UPDATE 2-Spain extends maturities on state-backed loans to help companies hit by pandemic

* Approves banks’ code of good practice for debt restructuring

* Voluntary write-offs to be implemented on 3 bln euros of debt

* Plan also includes participatory loans to be converted into capital (Adds details on loan moratoria and write-off schemes)

MADRID, May 11 (Reuters) - The Spanish government on Tuesday extended the maturities of state-backed loans to up to 10 years and allowed lenders to prolong loan moratoria beyond the current two years as part of a package to help mid-sized companies weather the pandemic.

Spanish companies have been among the most active in Europe in seeking credit, mobilising a total of 126 billion euros ($153 billion) in state-backed credit and liquidity lines, which until now were slated to last up to eight years.

The cabinet also on Tuesday approved a code of good practices that banks are encouraged to implement under a previously announced 3 billion euro debt restructuring plan, government spokeswoman Maria Jesus Montero told reporters.

The code is part of a wider package of 11 billion euros in relief measures approved by the government in March to help firms cut excess debt and boost solvency.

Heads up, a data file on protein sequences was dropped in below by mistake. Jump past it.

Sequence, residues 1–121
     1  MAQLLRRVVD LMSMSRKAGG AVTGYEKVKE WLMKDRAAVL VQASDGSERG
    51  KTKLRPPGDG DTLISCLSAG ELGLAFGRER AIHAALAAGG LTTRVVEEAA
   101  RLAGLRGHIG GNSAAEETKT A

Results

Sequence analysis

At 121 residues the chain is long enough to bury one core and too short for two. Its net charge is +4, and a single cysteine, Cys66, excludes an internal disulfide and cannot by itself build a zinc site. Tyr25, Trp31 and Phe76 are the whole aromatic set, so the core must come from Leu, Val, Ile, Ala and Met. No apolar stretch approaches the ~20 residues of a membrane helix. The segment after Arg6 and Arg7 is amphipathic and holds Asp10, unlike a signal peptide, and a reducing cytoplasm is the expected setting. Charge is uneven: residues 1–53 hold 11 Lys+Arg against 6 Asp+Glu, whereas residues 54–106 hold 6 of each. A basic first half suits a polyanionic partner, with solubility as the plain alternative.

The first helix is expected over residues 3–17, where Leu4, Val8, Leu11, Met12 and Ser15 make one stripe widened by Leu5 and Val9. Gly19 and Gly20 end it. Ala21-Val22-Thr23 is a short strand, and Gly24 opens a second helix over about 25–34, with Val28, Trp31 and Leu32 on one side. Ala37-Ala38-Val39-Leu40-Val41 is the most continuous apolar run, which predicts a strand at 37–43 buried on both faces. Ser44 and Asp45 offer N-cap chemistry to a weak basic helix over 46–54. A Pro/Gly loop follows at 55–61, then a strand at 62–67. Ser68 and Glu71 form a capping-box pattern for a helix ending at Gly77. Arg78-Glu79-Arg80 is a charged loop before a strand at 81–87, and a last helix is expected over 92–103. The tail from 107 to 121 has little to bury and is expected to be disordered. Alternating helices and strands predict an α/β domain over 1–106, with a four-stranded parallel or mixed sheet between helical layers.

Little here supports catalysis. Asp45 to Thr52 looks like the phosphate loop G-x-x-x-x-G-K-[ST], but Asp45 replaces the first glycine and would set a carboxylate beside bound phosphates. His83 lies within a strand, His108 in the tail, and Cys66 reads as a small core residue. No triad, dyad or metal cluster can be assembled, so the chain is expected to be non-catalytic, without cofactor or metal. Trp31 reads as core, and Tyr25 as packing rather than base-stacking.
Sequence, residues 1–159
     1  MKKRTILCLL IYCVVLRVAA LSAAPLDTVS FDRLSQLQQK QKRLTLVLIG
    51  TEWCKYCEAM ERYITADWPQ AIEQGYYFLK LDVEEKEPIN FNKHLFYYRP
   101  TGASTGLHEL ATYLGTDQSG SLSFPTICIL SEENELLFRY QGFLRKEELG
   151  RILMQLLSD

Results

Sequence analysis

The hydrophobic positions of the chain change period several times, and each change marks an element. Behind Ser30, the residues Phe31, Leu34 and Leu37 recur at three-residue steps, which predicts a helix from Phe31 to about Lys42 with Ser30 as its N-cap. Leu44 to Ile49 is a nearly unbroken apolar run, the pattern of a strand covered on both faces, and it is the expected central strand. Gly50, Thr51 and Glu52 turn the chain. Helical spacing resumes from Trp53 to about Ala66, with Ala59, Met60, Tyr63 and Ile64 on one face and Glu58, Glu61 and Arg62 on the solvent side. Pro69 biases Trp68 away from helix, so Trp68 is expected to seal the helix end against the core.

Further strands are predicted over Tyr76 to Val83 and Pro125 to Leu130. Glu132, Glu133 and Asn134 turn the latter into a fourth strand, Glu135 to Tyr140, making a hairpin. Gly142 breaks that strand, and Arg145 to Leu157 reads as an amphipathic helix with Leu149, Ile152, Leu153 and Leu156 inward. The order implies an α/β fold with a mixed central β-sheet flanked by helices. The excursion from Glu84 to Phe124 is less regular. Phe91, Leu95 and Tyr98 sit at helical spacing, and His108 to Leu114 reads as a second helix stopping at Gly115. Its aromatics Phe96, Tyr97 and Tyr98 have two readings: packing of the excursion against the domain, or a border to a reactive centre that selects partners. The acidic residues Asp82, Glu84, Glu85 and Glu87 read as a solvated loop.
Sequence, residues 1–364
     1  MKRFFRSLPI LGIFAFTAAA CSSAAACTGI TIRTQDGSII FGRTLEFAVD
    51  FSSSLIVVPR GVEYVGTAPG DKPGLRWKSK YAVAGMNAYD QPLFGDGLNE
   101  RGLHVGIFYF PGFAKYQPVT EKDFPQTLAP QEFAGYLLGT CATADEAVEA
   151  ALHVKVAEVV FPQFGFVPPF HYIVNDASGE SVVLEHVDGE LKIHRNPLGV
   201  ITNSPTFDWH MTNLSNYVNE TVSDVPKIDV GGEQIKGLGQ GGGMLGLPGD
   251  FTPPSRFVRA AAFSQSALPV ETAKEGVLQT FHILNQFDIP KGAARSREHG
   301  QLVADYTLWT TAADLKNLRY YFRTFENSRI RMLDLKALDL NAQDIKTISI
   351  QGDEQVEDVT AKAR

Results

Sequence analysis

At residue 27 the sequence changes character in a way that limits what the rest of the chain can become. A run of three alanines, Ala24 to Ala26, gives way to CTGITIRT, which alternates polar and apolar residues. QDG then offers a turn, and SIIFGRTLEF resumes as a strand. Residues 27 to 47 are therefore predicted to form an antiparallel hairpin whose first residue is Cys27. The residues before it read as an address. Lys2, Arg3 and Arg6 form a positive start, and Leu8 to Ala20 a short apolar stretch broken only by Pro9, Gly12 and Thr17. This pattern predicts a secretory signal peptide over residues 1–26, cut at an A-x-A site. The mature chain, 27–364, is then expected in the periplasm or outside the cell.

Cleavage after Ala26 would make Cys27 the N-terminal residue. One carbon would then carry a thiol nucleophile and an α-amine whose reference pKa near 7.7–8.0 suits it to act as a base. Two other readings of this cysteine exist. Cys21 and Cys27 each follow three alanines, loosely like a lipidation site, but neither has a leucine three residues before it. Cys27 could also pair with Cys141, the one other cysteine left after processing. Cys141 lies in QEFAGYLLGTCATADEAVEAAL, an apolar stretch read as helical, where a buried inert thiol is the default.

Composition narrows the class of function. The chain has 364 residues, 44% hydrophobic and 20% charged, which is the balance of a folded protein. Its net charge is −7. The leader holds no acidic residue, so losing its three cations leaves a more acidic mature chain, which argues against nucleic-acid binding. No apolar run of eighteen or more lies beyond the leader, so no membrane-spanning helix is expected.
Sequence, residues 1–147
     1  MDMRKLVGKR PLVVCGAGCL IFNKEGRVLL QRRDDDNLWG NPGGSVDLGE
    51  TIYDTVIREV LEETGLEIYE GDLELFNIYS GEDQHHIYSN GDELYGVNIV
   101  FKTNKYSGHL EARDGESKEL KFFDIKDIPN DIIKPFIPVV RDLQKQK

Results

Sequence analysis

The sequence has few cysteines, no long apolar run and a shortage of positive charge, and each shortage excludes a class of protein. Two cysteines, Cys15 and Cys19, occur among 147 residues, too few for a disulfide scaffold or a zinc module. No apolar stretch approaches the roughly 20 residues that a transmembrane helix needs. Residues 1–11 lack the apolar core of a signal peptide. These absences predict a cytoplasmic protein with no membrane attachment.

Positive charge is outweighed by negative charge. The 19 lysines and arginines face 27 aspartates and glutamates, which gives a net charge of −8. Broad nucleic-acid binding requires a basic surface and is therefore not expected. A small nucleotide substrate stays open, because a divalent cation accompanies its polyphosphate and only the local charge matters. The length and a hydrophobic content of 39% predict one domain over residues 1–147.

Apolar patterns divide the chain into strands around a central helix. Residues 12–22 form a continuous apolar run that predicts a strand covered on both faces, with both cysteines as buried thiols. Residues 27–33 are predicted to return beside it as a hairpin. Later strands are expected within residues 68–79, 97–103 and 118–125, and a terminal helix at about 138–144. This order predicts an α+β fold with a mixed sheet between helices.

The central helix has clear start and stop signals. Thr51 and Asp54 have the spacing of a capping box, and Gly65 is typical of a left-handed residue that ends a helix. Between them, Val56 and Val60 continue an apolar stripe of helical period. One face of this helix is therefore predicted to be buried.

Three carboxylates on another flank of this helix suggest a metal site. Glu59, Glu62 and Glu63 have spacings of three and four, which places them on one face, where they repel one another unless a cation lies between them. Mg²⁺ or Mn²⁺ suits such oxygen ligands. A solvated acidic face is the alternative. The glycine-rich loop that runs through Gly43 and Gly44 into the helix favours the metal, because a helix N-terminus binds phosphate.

As in other European countries the focus has been switching to solvency issues from liquidity, and Spanish companies will also be able to apply for participatory loans, a hybrid debt instrument that can be converted into capital.

Under the code of good practices, Spanish banks will apply voluntary write-offs of existing state loans as part of debt restructurings for firms whose revenues fell at least 30% in 2020 compared to 2019.

The write-offs should be implemented as a measure of last resort under the losses scheme set by each loan received from the state credit agency, the ICO, but banks must say if they want to adhere within a month.

As part of the ICO’s loan scheme, the state guarantees around 80% of unpaid loans to small and mid-sized companies and 70% for bigger ones.

In a statement, Spain’s economy ministry said that banks and companies must reach an agreement to renegotiate all the outstanding debt, guaranteed and non-guaranteed, in order to benefit from the relief measures.

Write-offs can rise to up to 50% of the guaranteed loans, if a company or self-employed person’s 2020 revenue fell by less than 70% in 2020, and up to 75% of the guaranteed amount if the decline is wider than 70%, the ministry said.

This public-private framework will stay in place until December 2022. (Reporting by Jesús Aguado; additional reporting by Emma Pinedo; editing by Andrei Khalip and Susan Fenton)